Aqua glass gets its color from iron impurities and can come in many shades depending on the iron levels. Different hues can also be produced by variations in flame temperatures or the amount of oxygen in the firing process.

Milk glass is produced by adding zinc oxide or calcium. It was primarily used to make cosmetic and toiletry bottles from the 1870s to 1920, and for ointments and cream jars from the 1890s to the mid-20th century.

Green glass in all its shades is probably the most common bottle glass color. It is produced with additions of iron, chromium and copper. Blue-green shades contain cobalt mixed with chromium.

Olive green and amber bottles contain larger amounts of iron oxide. They were generally much more common in the 19th century and are seldom found in bottles made after 1890. Amber ranges in hues from yellows to reds, and is frequently found in beer bottles.

More rare in bottle colors is amethyst, which can be the result of long exposure to sunlight, although some amethyst glass is created that way. Amethyst bottles that are not sun-colored usually date from the 1840-1880 era.

Black glass, made with iron, copper, magnesia and carbon, is usually very dark green or amber. It is one of the oldest bottle colors, used for liquor and ale or beer in the early to mid-1800s.

There are bottles of nearly every conceivable hue, making bottle collecting truly a “colorful” hobby. As for me, I’m still on the lookout for the perfect “pink.”

Ken Weyand can be contacted at

Mid-America bottle shows

Bottles cover many types, and shows can feature everything from breweriana to insulators. Many antique and collector shows include bottles, as well. Follow the show listings each month in Discover Mid-America ( and visit the advertised shops and malls.

Dennis Weber and his wife, Jeanne, promote an annual Insulator and Bottle Show in St. Joseph, MO. The upcoming show, slated for March 11, is at a new location, as the show outgrew its old venue.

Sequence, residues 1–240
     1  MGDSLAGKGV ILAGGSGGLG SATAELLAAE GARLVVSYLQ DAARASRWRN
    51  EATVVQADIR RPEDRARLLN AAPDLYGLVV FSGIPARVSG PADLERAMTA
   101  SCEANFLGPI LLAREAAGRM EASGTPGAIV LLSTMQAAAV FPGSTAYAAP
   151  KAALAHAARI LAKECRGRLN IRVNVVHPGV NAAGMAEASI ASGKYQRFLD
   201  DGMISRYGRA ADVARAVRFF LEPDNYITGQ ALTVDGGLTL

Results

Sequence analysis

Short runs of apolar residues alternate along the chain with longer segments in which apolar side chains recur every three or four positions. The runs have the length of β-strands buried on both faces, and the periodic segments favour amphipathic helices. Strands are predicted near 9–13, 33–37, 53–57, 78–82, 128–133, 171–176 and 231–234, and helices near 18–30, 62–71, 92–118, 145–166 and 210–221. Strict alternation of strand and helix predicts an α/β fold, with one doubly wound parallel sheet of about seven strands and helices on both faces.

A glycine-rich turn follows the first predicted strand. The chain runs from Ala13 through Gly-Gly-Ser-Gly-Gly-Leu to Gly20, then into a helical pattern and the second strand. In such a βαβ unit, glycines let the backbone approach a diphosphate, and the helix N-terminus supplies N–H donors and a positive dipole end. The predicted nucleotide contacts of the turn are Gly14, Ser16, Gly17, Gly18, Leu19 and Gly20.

“The show is about equally divided between insulators and bottles,” said Weber, who favors insulators, and has a collection of more than 800. “They come in all colors, and some are quite rare,” he said. “The first ones date from the 1840s and the last ones were made in the early 1970s.

“Insulator makers frequently were bottle makers,” Weber added. “They used the colors that went into the bottles: ambers, peacocks, cobalts.”
Weber also has old bottles in his collection, mainly soda and whiskey bottles originating in St. Joseph. “There were a lot of breweries and soda bottlers in the area,” he said.

Ron Sterzik, a bottle show promoter in St. Louis, has been collecting bottles for about 20 years. “I’m not a digger,” Sterzik said. “I get my bottles from flea markets, antique shops and shows all over the country.”

Sterzik’s bottle collection, now numbering more than 3,000, is part of a private museum Sterzik maintains in St. Louis. Sterzik said the St. Louis area was a fertile source of bottles, due to the city’s brewery heritage.

Following is a sampling of shows.

JAN. 8: Muncie, IN. Midwest Antique Fruit Jar & Bottle Club Show. Horizon Convention Center. 765-213-3549

FEB. 12: Milwaukee, WI. Milwaukee Antique Bottle Club 34th Annual Show & Sale. Four Points Sheraton. 608-838-8041

FEB. 25: Grandville, MI. West Michigan Antique Bottle & Glass Club’s 16th Annual Show & Sale. Fonger American Legion Post. 616-667-0214

FEB. 26: (Tentative) Milwaukee, WI. Madison Antique Advertising Bottle Show & Sale. Quality Inn South. 715-341-6860

MARCH 11: St. Joseph, MO. 4th Annual Insulator/Bottle Show & Sale, American Legion Post 359, 4826 Frederick Ave. 816-364-1312

MARCH 19: St. Louis, MO. St. Louis Antique Bottle & Jar Show. Two Hearts Banquet Center, 4532 S. Lindbergh at Gravois 636-296-3112

APRIL 12-13: (Tentative) St. Louis, MO. 27th Annual Breweriana Show. 314-487-8403

APRIL 21-23: St. Louis, MO. Midwest Miniature Bottle Collectors 27th Annual Show. Sheraton Plaza Hotel. 800-822-3535

Discover Mid-America founder and Senior Contributing Editor Ken Weyand files regular reports on notable Midwest destinations. He can be reached at